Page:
Jai Hind

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Indian commemorative post-mark of "Jai Hind"

Jai Hind (Hindi: जय हिन्द) is a salutation, slogan and battle cry most commonly used in India in speeches and communications pertaining to or referring to patriotism towards India (also known as Hind). It translates roughly to "Hail India" or "Victory to India"[1] or "Long live India".[2] The term was claimed to be coined by Chempakaraman Pillai, of Indian Independence Movement and Hindu-German Conspiracy. But researchers had stated that it was first coined by Major Abid Hasan Safrani of the Indian National Army as a shortened version of Jai Hindustan Ki (translation: Victory to India).[3][4] It has since captured the imagination of Indians and has been immortalized by Subhas Chandra Bose as the battle cry of the Indian National Army (Azad Hind Fauj).

The Jai Hind Post-mark was the first commemorative postmark of Independent India, and was issued on the day of independence, 15 August 1947.

In popular culture[edit]

An old building in Katni built in commemoration India's freedom, with statues of Jawaharlal Nehru, Mohandas K. Gandhi and Subhas Chandra Bose, with Jai Hind written in English and Hindi.

A follower of S.C. Bose, Ramchandra Moreshwar Karkare of Gwalher Madhya Bharat, wrote a patriotic drama Jai Hind based on facts and published a book in Hindi, Jai Hind. Later, Ramchandra Karkare became Congress president of Central India Province. He took part in the freedom struggle with Chandrasekhar Azad.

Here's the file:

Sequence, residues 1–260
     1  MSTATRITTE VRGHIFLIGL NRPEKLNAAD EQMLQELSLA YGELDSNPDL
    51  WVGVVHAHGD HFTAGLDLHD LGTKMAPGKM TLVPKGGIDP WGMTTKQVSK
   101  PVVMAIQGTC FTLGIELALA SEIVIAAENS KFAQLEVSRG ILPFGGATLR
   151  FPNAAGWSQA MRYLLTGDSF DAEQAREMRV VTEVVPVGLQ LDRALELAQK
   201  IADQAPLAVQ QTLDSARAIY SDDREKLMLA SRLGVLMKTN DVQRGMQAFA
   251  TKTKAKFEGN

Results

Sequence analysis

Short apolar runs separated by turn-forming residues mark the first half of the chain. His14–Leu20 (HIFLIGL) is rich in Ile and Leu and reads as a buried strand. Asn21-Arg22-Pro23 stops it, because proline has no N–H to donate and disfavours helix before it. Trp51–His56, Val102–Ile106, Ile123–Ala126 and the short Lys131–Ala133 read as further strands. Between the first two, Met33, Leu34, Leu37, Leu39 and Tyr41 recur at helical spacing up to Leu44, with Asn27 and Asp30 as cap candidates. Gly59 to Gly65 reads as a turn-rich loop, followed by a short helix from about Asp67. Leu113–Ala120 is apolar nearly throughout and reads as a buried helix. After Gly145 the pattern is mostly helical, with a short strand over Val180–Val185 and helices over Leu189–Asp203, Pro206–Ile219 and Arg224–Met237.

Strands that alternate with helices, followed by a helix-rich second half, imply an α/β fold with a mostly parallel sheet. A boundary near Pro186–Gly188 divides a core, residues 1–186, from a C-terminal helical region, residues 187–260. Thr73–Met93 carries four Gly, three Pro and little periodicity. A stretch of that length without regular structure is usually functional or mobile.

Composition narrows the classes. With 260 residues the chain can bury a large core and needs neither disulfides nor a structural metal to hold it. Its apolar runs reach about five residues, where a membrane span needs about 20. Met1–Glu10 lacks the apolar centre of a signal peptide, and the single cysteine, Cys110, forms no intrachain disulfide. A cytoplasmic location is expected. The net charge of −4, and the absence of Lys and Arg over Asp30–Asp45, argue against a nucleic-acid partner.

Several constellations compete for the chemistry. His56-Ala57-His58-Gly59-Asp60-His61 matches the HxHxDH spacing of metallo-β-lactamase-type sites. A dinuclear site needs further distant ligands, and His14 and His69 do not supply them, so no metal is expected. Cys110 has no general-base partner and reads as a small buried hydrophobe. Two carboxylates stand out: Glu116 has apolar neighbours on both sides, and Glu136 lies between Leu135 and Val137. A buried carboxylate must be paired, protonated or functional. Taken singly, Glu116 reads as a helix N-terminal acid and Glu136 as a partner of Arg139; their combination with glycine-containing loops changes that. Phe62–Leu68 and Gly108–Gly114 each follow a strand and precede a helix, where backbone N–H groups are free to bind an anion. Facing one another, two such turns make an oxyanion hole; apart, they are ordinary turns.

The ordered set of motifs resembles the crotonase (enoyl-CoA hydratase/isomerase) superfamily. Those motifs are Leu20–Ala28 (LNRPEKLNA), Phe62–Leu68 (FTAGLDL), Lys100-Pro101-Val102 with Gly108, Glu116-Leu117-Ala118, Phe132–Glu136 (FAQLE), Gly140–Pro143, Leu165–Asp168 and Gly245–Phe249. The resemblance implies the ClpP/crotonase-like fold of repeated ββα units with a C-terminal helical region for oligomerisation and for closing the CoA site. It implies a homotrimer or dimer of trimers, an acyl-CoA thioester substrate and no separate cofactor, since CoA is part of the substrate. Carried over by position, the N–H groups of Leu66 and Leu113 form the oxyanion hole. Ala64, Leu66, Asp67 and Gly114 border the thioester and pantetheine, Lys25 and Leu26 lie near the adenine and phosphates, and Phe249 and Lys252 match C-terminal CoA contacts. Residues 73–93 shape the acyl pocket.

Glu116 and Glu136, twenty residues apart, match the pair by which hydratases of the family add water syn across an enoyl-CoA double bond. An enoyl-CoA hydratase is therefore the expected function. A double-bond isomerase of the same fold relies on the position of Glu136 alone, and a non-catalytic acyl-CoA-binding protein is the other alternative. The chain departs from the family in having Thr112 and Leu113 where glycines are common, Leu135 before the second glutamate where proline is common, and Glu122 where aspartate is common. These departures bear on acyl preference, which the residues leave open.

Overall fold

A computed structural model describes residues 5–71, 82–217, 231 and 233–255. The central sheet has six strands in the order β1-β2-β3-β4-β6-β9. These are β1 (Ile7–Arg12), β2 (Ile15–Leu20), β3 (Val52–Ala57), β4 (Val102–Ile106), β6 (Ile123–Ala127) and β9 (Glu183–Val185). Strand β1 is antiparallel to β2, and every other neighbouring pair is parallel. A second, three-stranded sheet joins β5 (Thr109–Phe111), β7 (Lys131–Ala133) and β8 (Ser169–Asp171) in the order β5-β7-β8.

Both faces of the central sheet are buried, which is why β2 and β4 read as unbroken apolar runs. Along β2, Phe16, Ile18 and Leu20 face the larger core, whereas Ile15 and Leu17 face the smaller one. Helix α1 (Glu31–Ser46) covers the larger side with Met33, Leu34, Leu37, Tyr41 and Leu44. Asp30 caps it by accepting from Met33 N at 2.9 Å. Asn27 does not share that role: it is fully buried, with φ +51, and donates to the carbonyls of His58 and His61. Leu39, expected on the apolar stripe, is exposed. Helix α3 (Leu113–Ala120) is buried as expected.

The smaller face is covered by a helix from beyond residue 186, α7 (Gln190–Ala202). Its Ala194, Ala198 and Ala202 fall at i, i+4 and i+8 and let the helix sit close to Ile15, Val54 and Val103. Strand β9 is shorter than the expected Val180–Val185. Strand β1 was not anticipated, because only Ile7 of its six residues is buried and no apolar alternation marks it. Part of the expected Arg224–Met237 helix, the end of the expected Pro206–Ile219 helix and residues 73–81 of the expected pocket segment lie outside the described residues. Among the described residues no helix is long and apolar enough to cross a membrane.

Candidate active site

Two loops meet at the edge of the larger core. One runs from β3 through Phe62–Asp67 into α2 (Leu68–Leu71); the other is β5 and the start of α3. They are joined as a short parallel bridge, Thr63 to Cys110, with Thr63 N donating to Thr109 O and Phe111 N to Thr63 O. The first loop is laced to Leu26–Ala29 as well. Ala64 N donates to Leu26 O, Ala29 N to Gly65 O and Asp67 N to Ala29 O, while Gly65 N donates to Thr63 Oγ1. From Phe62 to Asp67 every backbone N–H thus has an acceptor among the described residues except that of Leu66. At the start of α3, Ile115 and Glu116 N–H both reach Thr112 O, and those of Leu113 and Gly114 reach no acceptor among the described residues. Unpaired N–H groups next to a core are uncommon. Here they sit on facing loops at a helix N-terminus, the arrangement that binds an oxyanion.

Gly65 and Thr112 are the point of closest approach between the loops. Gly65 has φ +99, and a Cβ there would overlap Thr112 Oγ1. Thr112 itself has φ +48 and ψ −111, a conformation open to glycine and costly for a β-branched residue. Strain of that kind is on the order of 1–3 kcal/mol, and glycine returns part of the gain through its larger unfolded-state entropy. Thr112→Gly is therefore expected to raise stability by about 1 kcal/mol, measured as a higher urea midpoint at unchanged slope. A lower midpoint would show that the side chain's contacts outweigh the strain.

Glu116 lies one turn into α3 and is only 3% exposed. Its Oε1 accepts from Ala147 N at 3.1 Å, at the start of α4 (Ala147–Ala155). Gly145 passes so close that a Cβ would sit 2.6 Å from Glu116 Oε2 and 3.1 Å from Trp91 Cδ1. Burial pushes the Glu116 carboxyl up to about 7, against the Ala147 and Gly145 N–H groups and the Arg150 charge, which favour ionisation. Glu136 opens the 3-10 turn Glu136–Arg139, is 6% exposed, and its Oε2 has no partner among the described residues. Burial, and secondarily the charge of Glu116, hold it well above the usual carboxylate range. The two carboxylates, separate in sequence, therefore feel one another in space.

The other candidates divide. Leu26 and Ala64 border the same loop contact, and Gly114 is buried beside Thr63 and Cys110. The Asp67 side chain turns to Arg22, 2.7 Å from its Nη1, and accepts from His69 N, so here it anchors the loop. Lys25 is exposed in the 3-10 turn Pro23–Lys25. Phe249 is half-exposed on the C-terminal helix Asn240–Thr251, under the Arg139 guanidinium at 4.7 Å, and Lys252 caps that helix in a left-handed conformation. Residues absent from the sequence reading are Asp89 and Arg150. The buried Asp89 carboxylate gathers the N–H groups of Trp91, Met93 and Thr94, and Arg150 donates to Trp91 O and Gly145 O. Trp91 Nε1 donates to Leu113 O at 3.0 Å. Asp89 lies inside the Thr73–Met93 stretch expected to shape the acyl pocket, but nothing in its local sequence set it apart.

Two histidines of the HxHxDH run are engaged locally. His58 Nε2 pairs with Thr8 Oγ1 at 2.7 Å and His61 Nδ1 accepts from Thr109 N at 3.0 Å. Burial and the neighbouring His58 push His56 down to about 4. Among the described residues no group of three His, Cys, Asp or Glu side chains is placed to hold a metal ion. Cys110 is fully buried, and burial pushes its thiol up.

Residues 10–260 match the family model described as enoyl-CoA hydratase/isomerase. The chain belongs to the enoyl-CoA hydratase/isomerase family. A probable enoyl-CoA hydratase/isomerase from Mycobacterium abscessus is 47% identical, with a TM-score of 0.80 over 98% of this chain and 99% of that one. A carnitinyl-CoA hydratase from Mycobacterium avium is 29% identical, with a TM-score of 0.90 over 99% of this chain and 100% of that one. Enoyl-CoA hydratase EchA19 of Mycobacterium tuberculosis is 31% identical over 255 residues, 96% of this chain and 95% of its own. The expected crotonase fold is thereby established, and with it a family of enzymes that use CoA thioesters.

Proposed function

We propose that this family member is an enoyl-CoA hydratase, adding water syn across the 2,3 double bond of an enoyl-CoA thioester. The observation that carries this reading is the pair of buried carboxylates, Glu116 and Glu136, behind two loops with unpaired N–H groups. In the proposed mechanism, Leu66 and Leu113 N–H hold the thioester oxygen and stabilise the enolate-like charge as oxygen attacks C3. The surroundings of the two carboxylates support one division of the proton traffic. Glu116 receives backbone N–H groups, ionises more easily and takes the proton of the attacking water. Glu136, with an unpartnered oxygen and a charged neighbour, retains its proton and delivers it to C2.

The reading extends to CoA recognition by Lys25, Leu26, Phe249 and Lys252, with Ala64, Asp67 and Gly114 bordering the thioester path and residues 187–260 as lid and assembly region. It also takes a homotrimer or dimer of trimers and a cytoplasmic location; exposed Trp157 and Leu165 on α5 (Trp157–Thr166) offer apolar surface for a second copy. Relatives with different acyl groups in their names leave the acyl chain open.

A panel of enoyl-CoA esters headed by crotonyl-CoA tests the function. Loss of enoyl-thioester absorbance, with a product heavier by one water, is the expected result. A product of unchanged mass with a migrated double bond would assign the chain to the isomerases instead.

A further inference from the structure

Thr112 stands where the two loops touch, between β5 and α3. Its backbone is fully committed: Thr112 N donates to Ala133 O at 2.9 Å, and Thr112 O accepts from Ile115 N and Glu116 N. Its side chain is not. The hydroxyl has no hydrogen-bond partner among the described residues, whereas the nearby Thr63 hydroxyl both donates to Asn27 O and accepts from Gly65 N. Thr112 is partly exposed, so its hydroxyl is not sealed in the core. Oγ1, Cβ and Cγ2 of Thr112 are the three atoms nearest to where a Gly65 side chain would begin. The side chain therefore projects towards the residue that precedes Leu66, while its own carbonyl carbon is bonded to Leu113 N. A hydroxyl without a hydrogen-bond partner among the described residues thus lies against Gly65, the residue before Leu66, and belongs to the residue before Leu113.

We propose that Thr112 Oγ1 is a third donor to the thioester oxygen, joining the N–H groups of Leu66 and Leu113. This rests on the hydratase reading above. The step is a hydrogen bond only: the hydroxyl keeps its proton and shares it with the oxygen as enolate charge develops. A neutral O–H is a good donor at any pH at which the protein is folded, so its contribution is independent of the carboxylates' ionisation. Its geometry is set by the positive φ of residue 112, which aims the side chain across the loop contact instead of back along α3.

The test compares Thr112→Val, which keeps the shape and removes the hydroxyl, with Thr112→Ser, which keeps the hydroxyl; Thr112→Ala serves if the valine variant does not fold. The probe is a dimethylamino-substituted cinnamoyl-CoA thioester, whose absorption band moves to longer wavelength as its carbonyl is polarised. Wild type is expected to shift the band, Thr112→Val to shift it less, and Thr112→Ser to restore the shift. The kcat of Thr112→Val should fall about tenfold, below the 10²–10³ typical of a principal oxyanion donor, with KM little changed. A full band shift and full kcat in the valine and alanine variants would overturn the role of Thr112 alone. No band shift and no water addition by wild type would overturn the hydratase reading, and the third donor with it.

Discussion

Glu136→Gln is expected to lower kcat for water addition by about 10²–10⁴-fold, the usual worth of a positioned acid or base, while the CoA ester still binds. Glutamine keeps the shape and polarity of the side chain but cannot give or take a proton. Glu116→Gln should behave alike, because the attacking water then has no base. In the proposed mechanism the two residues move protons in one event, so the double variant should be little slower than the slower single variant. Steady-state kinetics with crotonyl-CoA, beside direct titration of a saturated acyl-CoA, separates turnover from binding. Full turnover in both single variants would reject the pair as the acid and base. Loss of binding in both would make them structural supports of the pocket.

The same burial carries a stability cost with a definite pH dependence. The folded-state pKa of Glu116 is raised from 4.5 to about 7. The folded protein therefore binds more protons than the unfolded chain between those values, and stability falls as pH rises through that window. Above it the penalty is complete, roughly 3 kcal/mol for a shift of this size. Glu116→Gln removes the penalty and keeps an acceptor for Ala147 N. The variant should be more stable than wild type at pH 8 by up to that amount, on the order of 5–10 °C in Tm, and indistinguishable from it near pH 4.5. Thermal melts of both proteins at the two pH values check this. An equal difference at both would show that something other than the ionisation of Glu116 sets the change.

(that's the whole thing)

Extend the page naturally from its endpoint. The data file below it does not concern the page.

The phrase is what the radio announcer says on All India Radio at the end of the broadcast. The term occurs in the patriotic song Aye Mere Watan Ke Logo sung by Lata Mangeshkar in 1963.[5] Jai Hind (1999) is also a Hindi film, made by actor-director Manoj Kumar.[6] The comedy show Jay Hind! (2009) is also named after it, and numerous institutions like Jai Hind College, Mumbai, as well as media entities like Jai Hind Gujarati Newspaper and JaiHind TV.

See also[edit]


  1. ^ Chopra, Pram Nath (2003). A comprehensive history of modern India. Sterling Publishing. p. 283. ISBN 81-207-2506-9. Retrieved 17 February 2010. 
  2. ^ James, Lawrence (1997). The Rise and Fall of the British Empire. Macmillan. p. 548. ISBN 978-0-312-16985-5. Retrieved 17 February 2010. 
  3. ^ Leonard A. Gordon (1990). Brothers Against the Raj. Columbia University Press. 
  4. ^ "A tale of two cities". The Hindu. 30 January 2014. Retrieved 31 January 2014. 
  5. ^ Chaturvedi, Mamta (2004). Filmi & non-filmi songs. Diamond Pocket Books. p. 38. ISBN 81-288-0299-2. 
  6. ^ Jai Hind at the Internet Movie Database